an online request replication tool, fit for online testing, stress testing, performance evaluation,etc
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    It is an online TCP duplication tool and can be used for testing (using netlink and raw sockets).

    It can help you find bugs without deploying your server software on your production servers. 
    It can also be used to do smoke testing against your products.

    For example, when you want to migrate your web server from Apache to Nginx, tcpcopy can help you test
    it. Apache is running online, while tcpcopy can copy the TCP flows from Apache to Nginx. To Nginx, the
    TCP flows are just forwarding to it. This will not affect Apache at all except cost a little network 
    bandwidth and CPU load.

    1) Distributed stress testing
       Use tcpcopy to copy real-world data to stress test your server software. Bugs that only can be
       produced in high-stress situations can be found.

    2) Hot backup
       It is very suitable for backup tasks if connections are short-lived. The request loss ratio is
       quite low (e.g. 0.000001).

    3) Online testing
       Prove the new system is stable and find bugs that only occur in the real world.

    4) Benchmark
       Do performance benchmark. For instance, you can use tcpcopy to compare the performance of Apache 
       and Nginx.

    1) Install
       a) download the source code from github:
          git clone
       b) ./configure
       c) make
       d) make install

    2) Run:
       a) on the source host (root privilege is required):
          ./tcpcopy local_ip1[:local_ip2:...] local_port remote_ip remote_port 
       b) on the target host (root privilege is required):
          modprobe ip_queue # if not running
          iptables -I OUTPUT -p tcp --sport port -j QUEUE # if not set

    Suppose there are two online hosts, and And is the target host (similar to 
    the online hosts). Port 12321 is used both as local port and remote port. We use tcpcopy to test if can process 2X requests than a host can serve.
    Here we use tcpcopy to perform the above test task.
    1) on the target host (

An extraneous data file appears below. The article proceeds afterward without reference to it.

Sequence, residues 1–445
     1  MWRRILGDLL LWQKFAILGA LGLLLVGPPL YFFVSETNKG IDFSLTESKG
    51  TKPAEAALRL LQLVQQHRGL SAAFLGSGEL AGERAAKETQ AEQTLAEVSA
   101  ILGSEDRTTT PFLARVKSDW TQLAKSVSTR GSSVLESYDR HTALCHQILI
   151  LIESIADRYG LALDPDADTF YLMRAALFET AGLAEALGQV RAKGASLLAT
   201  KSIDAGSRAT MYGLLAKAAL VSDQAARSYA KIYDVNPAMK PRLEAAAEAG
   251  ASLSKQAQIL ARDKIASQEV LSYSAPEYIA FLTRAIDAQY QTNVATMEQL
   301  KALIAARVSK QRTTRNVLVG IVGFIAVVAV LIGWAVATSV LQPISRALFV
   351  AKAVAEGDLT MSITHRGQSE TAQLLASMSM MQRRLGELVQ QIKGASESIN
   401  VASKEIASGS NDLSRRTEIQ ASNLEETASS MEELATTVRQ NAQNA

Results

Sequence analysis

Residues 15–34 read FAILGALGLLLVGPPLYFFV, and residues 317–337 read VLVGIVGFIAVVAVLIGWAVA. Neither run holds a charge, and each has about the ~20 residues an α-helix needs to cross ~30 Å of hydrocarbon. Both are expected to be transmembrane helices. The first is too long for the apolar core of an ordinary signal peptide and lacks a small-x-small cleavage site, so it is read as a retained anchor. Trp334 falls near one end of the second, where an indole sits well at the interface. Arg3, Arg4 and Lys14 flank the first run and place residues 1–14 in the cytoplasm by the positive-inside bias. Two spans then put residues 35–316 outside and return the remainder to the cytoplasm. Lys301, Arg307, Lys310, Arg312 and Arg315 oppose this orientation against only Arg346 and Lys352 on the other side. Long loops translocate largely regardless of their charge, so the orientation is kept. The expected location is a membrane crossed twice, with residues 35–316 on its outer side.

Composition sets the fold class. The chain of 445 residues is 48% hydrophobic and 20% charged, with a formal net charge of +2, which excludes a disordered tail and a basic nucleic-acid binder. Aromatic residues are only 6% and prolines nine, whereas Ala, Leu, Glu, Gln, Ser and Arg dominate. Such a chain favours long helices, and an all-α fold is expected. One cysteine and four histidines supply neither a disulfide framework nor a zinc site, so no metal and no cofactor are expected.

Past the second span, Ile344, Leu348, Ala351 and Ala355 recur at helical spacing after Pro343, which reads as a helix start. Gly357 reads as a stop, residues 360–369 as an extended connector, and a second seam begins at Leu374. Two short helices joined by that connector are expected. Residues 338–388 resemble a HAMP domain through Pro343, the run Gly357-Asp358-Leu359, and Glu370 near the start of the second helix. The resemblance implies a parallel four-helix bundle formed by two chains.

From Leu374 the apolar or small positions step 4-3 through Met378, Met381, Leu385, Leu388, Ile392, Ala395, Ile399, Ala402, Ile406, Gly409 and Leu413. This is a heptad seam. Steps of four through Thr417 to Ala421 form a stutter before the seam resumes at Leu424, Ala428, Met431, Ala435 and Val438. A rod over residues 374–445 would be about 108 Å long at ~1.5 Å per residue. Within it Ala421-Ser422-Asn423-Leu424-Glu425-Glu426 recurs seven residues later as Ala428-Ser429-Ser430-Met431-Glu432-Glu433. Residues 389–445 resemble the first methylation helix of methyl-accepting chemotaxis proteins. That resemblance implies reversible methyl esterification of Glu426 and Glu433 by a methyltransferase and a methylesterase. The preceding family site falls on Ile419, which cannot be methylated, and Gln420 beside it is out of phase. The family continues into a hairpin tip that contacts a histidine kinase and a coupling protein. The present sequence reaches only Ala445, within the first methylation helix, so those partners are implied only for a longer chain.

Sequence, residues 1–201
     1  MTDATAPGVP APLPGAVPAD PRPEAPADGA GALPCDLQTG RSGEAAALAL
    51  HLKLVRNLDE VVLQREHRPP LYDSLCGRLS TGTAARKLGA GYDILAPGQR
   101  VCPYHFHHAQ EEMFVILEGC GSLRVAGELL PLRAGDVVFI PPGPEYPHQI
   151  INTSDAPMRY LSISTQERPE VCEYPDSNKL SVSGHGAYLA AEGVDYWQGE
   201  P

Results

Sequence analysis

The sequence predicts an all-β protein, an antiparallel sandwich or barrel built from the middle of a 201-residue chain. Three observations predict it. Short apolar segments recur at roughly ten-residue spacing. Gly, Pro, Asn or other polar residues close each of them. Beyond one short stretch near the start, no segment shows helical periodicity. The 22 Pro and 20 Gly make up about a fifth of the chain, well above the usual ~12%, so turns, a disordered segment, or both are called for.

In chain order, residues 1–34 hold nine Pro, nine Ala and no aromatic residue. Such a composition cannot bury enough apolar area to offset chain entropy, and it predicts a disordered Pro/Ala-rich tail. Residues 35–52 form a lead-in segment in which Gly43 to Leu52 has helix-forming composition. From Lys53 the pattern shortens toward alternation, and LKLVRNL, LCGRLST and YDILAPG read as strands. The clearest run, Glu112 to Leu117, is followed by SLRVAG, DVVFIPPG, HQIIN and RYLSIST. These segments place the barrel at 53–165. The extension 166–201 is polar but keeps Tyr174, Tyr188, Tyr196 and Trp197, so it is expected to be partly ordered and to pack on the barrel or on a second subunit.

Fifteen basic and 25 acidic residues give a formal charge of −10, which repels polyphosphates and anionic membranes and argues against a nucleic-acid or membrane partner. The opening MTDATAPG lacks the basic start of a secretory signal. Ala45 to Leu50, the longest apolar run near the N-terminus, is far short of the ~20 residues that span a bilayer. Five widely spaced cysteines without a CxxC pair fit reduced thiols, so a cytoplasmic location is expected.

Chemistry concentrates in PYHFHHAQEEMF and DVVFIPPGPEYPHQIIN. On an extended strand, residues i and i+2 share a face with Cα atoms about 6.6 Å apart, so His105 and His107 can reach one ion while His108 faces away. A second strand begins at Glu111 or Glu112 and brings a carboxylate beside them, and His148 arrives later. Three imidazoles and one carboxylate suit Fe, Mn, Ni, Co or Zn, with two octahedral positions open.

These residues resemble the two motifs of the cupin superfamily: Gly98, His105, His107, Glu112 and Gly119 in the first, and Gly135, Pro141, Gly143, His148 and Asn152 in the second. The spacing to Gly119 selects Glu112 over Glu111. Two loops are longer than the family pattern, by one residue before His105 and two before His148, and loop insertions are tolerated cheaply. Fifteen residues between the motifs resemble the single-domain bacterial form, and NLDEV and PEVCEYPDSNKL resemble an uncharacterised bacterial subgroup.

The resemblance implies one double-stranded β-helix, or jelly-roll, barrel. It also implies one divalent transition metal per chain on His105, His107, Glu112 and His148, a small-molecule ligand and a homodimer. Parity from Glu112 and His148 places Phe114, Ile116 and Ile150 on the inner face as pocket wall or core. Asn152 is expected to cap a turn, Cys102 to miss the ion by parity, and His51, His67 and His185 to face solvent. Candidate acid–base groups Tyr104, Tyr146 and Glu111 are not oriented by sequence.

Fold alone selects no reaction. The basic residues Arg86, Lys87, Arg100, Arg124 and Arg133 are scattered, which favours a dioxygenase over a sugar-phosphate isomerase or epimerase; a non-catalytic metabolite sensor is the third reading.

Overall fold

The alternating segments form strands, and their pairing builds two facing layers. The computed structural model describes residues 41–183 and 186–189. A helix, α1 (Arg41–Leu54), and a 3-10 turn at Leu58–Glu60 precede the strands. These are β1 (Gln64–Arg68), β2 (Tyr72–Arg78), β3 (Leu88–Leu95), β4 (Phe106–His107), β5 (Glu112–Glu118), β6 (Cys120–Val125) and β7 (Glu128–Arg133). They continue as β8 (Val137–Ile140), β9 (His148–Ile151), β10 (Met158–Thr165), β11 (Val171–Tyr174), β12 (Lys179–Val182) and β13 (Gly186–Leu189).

# modprobe ip_queue # if not run up
       # iptables -I OUTPUT -p tcp --sport 12321 -j QUEUE # if not set
       # ./interception

    2) online host (
       # ./tcpcopy 12321 12321

    3) online host(
       # ./tcpcopy 12321 12321

    CPU load and memory usage is as follows:
           11124 adrun 15 0 193m 146m 744 S 18.6 7.3 495:31.56 asyn_server
           11281 root 15 0 65144 40m 1076 S 12.3 2.0 0:47.89 tcpcopy
           16855 adrun 15 0 98.7m 55m 744 S 21.6 2.7 487:49.51 asyn_server
           16429 root 15 0 41156 17m 1076 S 14.0 0.9 0:33.63 tcpcopy
           25609 root 15 0 76892 59m 764 S 49.6 2.9 63:03.14 asyn_server
           20184 root 15 0 5624 4232 292 S 17.0 0.2 0:52.82 interception

    Access log analysis:
           $ grep 'Tue 11:08' access_0913_11.log | wc -l
             89316,  1489 reqs/sec
           $ grep 'Tue 11:08' access_0913_11.log | wc -l
             89309,  1488 reqs/sec
           $ grep 'Tue 11:08' access_0913_11.log | wc -l
             178175, 2969 reqs/sec
       request loss ratio:
           (89316 + 89309 - 178175) / (89316 + 89309) = 0.25%

    Clearly, the target host can process 2X of requests a source host can serve.

    How is the CPU load? Well, tcpcopy on online host used 12.3%, host 
    used 14%, while interception on the target host consumed about 17%. We can see that
    the CPU load is low here, and so is the memory usage.

    1) It is tested on Linux only (kernal 2.6 or above).
    2) Tcpcopy may lose packets hence lose requests.
    3) If you use tcpcopy to duplicate local requests, please keep lo MTU not more than 1500.
    4) Interception (tcpcopy server) is single-threaded now.
    5) Root privilege is required.
    6) Long-lived requests (such as uploading a large file) does not work well (no retransmission
       when sending packets to the target test server)
    7) Check error.log if you encounter some problem and feel free to report it to us
       ( or